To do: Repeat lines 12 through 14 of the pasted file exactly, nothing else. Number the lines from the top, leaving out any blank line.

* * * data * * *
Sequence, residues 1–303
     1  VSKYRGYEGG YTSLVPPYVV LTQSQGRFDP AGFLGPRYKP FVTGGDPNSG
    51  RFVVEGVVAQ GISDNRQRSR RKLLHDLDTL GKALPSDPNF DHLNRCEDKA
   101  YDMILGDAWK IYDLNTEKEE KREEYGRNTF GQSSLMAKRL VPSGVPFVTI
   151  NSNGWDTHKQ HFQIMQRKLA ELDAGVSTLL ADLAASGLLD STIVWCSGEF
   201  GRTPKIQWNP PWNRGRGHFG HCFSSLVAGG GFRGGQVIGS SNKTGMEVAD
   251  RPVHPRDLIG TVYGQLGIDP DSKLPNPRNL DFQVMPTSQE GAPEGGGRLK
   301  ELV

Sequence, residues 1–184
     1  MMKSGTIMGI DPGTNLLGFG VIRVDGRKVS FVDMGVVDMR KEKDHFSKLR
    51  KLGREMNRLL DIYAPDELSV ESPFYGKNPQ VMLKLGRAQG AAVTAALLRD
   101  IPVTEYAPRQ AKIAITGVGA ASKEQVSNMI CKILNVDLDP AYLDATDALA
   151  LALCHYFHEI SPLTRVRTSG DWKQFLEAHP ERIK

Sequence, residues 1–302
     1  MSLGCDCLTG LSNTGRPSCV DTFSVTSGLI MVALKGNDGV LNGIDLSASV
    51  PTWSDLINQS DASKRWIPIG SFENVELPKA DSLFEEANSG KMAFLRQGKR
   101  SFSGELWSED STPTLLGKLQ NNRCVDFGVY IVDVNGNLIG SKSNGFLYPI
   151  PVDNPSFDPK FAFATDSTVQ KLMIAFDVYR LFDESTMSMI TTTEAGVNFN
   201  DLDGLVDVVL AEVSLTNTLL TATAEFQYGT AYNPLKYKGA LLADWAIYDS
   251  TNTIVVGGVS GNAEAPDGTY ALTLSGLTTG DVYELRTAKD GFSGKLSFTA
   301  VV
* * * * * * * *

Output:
   101  IPVTEYAPRQ AKIAITGVGA ASKEQVSNMI CKILNVDLDP AYLDATDALA
   151  LALCHYFHEI SPLTRVRTSG DWKQFLEAHP ERIK

Sequence, residues 1–302